1 tsp fresh thyme

2 cloves of garlic

1 egg

200ml cream

-Put two portions of spaghetti into rolling boiling water that has been well salted.

-While this is cooking, get a large pan on a high heat with a little olive oil.

-Chop up the bacon and get it into the pan. You want this nice and crispy.

-When the bacon is almost there, dice your garlic as finely as possible and add it, along with the thyme, into the pan.

-When the garlic is cooked and the bacon beautifully crispy, take them out of the pan and lay on a piece of kitchen paper.

-Pour your cream into the pan with all of the oil which has been perfumed with the garlic and herbs.

-Turn you heat down low and allow the cream to come to a light simmer.

-Take the pan off the heat.

-When it’s cooked, drain the pasta, keeping a little of the starchy cooking water by putting a mug under your colander.

-Toss the pasta into the pan with the cream. Mix in a little of the pasta water.

-Beat the egg in a cup and add it to the pasta.

-Give this all a good toss and mix everything in together well. This is where you want to add a little more of your starchy water if it is getting a bit thick and stodgy. You want the sauce and pasta to be loose and silky.

-Serve it up on a large plate and top with your crispy bacon and grated parmesan.

-I also served it with a bottle of Carlsberg but that’s really more of a personal preference.

 

Stir Fried Pork with Fried Rice

Stir Fried Pork with Fried-Rice

 

          Making a good stir-fried rice is one of those essential skills every student should have. Who knows, if I learned to make this a lot earlier I might have lasted long than my (frankly, pitiful) year and a half before dropping out. Incredibly handy for a quick lunch or dinner. It uses up the odds and ends in your fridge. It is cheap as anything to make. Best of all, it looks pretty fancy to make and serve up. Impressed mates = Social Win.

          The key to really great fried rice is having your rice cold before you start. This will allow you to control the texture and heat and consistency. All too often it becomes too soggy or too dry. Burnt. Stodgy. Flavourless. But once you master a few simple steps you will be laughing. You can also pimp it in whatever way you want. Use any bits of vegetables you have leftover. I had a red pepper and some green beans but go nuts with the few bits that are clogging up the bottom of the fridge.

400g cooked rice

1 red pepper

Handful of french beans

1 egg

Soy sauce

1 pork fillet

1tbs chinese five spice

2 cloves of garlic

Thumb sized piece of ginger

1 medium sized chilli

1 lime

1 small bunch of thyme

2 red apples

-Get a medium sized frying pan on a high heat with a good glug of olive oil in it.

-Finely dice up the garlic, chilli and ginger and add to the pan along with the thyme. (leave it on the stalk if you like)

-While these are frying in your hot pan, you can prep the pork.

-Slice the fillet into 2cm rounds.

-Season well with salt, pepper and the five spice.

-Place them into your pan. By now your oil should be beautifully scented with all of those other flavours.

-Give them a little attention. Flipping them ever two minutes or so until they are fully cooked. This should take about fifteen minutes or so.

-Roughly chop up the apples and put them in with the pork.

-About a minute before the end, juice the lime over the meat. Allow to reduce and give you a gorgeously tangy, sweet crust to the hero of the dish.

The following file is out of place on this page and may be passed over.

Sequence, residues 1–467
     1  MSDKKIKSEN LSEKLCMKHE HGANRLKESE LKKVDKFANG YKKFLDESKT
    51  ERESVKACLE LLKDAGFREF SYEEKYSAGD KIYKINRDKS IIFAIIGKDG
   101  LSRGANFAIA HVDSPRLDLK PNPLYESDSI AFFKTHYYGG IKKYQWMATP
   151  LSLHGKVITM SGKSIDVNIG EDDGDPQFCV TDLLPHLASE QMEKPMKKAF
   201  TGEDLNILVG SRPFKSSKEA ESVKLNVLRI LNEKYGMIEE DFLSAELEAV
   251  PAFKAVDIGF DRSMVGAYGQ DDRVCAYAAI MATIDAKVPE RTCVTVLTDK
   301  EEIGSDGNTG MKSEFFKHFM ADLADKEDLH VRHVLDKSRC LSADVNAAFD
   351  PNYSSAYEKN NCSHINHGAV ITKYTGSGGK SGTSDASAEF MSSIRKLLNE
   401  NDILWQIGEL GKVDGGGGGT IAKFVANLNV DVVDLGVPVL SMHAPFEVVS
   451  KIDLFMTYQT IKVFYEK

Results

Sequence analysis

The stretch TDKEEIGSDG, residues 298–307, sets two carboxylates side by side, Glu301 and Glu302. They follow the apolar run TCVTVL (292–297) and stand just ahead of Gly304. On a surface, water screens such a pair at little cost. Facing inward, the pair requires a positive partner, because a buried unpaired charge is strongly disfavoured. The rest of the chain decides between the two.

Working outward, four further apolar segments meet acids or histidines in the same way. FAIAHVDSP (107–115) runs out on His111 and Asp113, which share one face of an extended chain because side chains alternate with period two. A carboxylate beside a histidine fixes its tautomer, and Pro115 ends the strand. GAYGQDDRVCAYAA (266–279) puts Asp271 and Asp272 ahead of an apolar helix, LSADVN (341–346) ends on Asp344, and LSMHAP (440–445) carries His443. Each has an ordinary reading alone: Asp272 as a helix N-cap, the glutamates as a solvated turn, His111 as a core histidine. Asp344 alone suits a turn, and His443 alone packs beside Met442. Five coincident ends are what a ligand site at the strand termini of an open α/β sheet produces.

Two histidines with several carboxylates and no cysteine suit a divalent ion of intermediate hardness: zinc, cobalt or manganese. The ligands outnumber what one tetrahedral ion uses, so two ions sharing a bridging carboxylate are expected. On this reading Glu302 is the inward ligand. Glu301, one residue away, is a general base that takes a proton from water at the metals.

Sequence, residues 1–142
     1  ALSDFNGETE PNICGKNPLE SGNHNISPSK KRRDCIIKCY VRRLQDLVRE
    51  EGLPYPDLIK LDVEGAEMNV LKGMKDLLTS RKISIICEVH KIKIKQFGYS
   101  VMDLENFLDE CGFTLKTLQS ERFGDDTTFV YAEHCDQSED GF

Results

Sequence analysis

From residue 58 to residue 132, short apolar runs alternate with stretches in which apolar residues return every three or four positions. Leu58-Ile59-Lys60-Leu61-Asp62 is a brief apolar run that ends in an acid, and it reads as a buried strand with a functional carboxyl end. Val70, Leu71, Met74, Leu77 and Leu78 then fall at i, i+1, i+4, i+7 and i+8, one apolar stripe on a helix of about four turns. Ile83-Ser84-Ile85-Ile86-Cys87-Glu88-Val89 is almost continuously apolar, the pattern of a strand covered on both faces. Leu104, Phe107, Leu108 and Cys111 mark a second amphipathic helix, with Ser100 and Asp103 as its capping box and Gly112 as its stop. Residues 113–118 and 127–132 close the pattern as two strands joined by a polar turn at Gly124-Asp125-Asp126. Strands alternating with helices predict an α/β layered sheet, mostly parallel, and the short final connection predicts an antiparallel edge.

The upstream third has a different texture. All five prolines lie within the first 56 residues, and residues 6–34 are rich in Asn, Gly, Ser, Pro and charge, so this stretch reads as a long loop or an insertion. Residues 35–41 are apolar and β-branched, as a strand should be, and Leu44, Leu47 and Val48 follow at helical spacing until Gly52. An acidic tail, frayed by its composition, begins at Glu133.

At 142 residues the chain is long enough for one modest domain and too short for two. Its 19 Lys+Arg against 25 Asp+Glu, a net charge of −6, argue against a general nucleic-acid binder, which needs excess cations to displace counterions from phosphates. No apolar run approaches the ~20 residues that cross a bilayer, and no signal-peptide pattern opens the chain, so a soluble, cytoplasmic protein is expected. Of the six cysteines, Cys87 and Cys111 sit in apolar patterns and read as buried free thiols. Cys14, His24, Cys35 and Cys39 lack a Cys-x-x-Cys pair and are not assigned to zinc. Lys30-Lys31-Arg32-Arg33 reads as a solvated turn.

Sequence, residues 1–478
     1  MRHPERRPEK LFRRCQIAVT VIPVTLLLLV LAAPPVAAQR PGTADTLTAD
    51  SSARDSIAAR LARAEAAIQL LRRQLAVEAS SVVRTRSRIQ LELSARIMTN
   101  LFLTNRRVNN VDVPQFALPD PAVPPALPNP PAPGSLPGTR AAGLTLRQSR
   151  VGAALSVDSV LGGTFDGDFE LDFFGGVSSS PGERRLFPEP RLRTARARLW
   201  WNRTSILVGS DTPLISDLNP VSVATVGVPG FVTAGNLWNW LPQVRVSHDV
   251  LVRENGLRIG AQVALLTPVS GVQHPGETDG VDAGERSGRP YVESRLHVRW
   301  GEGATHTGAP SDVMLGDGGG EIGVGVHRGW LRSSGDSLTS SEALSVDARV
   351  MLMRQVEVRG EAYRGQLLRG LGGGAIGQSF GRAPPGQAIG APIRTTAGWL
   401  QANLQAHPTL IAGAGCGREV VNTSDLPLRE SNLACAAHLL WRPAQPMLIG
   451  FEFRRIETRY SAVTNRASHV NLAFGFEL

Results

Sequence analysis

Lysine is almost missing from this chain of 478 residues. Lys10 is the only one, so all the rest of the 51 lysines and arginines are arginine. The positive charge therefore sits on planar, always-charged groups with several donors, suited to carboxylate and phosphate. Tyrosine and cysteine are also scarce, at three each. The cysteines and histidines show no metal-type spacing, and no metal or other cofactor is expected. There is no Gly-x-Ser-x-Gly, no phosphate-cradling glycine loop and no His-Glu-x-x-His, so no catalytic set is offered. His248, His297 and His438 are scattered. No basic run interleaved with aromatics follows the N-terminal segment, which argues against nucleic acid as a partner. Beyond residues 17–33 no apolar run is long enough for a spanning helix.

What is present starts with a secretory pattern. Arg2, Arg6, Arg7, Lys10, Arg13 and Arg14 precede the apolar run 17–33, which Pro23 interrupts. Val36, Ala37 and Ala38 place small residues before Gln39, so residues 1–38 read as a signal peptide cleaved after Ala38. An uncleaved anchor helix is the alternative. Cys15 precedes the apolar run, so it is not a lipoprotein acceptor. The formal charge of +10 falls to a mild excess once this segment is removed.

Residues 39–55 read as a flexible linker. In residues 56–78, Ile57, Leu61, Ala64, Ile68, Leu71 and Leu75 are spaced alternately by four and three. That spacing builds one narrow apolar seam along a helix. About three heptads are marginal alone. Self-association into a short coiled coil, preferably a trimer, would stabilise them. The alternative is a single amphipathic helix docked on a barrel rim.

-Season with a little soy sauce.

-The three main stages to really great fried rice are these; fry your veg, add the rice then add the egg.

-So, chop up your pepper and beans.

-In a large wok, heat a tablespoon of olive oil.

-Quickly fry the vegetables on a high heat, you want to cook them, while still maintaining crunch.

-Once they are cooked, add in your rice. This is where a really good tossing action with the pan will come in handy.

-Keep the rice moving until you are satisfied it has been heated through.

-Make a small well in the centre of your wok by pressing the rice up the sides.

-Into this well, crack your egg directly onto the exposed pan.

-Quickly whisk this up in the centre of the pan as it cooks. You are essentially making a teeny omelette in your wok.

-Once the egg is fully cooked, break it up and mix it into the rice. This will give you that typical fried rice look and taste.

-Season well with soy sauce and a touch of sesame oil (only if you have it, it just kicks the dish up a gear, not essential).

-Serve your pork on a bed of the fried rice and rest easy in the knowledge that you will never have to eat dodgy take away rice again.

Simple Pork Stir Fry

Simple Pork Stir-Fry

            Making a decent stir fry is one of the most essential life skills there is. If you know the basics of stir frys then you can turn any amount of crappy bits of vegetables and barely-ok-to-eat tesco brand meat into a really quite delicious and presentable meal.

           Here I have made a slightly spicy one with some pork chops I had. But the beauty of this dish is, it works no matter what you have. Don’t have onions? Don’t use onions. Don’t have peppers? Don’t use pepper. Have celery? Use celery. Have rice but no noodles? You guessed it, use rice. Simples.

2 pork chops

Half of a red pepper and half of a green pepper

1 red onion

6 mushrooms

1 red chilli

1 lime

3 cloves of garlic

Small bunch of coriander (stalks and leaves chopped separately)

Thumb of ginger

1 tbs sesame oil

1 tbs soy sauce

2 tbs sweet chilli sauce

2 packs of egg noodles

-Ok to start you want to slice up the pork chops and get them into a bowl.

-Next into the same bowl zest the lime and  finely dice in the chilli, garlic, ginger and coriander stalks.